She is on the Selection Committee for Great Plants Picks, teaches the Advanced Master Gardener Right Plant/RightPlace course, is a member of the Vancouver Hardy Plant Group and was on the organizing committee for the Hardy Plant Study Weekend 2013, and is a long-time member of the South Surrey Garden Club.
Her garden has been open for local, national, and international tours, and is open to garden clubs by request.
Gwen is a Langley resident, married to Paul, a mother of three, and a grandmother of four.
Olser, Betty Ann (May 21,2015)
Betty Ann Olser spoke about living walls - all the information can be found at the Living Wall website
Schulz, Margitta (December 9, 2015)
Margitta Schulz from Margitta's Flowers at Lonsdale Quay demonstrated how to make centerpieces.
Sellars, David (March 16, 2017)
Photographing Alpine Plants: A Landscape Point of View
David Sellars is an award winning photographer and is the Past President of the Alpine Garden Club of British Columbia. Together with his wife, Wendy, he is developing an extensive alpine and woodland garden in coastal British Columbia. Their garden won the NARGS Millstream Garden Award in 2012.
He is an avid mountain hiker and maintains the website: http://www.mountainflora.ca
His particular interests are rock garden design and construction, alpine plant photography and using video to illustrate mountain landscapes and alpine plant habitats. His video page is here: http://www.youtube.com/user/MountainFlora
He has written articles on rock garden design and alpine plant explorations for the NARGS Rock Garden Quarterly, the International Rock Gardener, and the Saxifrage Magazine. A selection of his photographs were published in the recent book Alpine Plants of British Columbia, Alberta and Northwest North America. His images will also be included in a new edition of Arthur Kruckeberg's Gardening with Native Plants of the Pacific Northwest.
Shore, Randy (October 15, 2015)
Randy Shore writes for the Vancouver Sun' Life and Food section. Link to his column page by clicking here.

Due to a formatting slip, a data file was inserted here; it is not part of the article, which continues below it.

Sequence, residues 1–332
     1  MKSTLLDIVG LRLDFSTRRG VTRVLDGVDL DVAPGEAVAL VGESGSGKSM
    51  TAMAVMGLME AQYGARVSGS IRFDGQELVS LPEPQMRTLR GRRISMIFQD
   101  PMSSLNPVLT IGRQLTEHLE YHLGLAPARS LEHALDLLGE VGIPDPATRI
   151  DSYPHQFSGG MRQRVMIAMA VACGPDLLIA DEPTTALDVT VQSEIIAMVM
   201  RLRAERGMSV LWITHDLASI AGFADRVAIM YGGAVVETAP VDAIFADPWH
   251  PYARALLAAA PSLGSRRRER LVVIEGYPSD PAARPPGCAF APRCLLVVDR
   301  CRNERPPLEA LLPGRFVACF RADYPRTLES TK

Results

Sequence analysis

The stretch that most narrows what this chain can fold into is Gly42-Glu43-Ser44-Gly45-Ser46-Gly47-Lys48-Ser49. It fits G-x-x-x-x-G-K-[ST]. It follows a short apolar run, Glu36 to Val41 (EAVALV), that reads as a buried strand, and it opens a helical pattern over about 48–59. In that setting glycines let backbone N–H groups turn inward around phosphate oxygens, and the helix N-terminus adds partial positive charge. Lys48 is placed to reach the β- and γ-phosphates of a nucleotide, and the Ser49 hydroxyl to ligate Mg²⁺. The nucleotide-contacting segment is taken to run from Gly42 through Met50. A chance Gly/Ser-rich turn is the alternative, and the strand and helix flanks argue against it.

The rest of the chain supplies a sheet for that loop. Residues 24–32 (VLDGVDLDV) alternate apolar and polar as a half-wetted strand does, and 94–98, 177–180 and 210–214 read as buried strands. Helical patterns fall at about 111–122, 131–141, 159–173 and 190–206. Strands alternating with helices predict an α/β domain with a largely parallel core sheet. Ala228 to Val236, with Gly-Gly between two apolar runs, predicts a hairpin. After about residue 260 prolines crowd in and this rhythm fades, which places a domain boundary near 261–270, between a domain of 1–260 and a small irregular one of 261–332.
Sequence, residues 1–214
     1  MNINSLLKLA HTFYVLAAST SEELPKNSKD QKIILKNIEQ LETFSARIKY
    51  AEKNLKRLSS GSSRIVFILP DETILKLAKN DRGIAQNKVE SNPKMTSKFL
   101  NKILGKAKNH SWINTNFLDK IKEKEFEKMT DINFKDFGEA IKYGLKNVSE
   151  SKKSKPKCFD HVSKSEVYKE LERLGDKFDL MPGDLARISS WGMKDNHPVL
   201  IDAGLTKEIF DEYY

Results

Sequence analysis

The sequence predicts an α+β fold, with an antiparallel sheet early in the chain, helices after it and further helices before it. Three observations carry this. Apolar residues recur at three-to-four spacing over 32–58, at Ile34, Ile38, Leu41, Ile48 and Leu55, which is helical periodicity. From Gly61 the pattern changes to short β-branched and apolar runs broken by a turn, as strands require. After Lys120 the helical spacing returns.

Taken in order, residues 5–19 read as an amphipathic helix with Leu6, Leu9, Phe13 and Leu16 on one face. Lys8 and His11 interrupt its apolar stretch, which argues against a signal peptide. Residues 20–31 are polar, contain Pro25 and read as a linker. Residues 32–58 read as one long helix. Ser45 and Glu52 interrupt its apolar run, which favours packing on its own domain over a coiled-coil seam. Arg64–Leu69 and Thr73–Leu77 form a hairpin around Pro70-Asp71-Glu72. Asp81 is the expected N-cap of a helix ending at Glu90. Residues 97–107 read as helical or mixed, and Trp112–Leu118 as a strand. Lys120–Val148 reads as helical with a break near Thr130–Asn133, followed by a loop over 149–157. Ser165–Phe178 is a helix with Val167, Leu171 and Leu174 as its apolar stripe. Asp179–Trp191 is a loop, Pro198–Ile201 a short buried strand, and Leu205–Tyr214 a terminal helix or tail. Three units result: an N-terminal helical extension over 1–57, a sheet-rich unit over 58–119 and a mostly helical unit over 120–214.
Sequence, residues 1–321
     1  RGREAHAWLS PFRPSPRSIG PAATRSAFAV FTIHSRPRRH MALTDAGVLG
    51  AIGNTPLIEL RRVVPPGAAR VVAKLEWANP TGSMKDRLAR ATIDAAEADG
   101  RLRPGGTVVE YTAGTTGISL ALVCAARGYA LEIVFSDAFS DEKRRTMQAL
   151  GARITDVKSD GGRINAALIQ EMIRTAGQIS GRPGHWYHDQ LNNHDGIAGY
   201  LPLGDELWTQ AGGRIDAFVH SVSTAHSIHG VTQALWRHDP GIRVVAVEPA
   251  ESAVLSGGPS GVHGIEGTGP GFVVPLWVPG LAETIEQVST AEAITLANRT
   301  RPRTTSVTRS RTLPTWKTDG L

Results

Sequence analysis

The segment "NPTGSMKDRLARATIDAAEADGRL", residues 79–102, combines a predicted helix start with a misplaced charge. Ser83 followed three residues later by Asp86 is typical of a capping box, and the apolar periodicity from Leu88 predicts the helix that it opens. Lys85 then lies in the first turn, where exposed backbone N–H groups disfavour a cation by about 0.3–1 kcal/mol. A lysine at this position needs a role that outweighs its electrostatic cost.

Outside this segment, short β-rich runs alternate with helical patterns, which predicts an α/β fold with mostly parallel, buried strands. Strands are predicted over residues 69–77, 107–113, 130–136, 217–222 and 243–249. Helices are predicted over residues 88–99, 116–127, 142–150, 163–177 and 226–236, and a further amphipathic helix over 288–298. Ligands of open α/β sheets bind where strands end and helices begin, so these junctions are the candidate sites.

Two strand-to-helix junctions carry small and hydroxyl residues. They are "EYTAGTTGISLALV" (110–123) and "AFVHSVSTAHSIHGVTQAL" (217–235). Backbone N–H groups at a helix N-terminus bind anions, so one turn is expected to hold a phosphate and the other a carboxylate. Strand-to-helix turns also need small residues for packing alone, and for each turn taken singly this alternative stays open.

He spoke about GMOs - Genetically Modified Organisms. For more information on this topic click here.
He is also the author of the book: " Grow What You Eat, Eat What You Grow;The Green Man's Guide to Living & Eating Sustainably All Year Round"
A book of recipes and gardening tips for living and eating sustainably and responsibly all year round. Randy Shore's father and grandfather grew up on farms, yet he didn't even know how to grow a radish. Author of .The Green Man. column in the Vancouver Sun , he spent five years teaching himself how to grow food for his family, and then how to use the resulting bounty to create imaginative and nourishing meals the year round. In Grow What You Eat , Randy reveals the secrets to creating and maintaining a thriving vegetable garden, from how to make your own fertilizer to precise instructions on how best to grow specific produce; he also offers advice for those with balcony or container gardens and others who live in small urban spaces. He then shows how to showcase your bounty with delicious, nutrient-packed recipes (both vegetarian and not), including instructions on canning, pickling, and curing, proving how easy and fulfilling it is to be a self-reliant expert in your garden and your kitchen. Grow What You Eat is primarily a cookbook, but it is also a gardening book, personal journal, and passionate treatise on the art of eating and living sustainably. In his quest for self-sufficiency, improved health, and a better environment, Randy Shore resurrects an old-school way of cooking that is natural, nutritious, and delicious.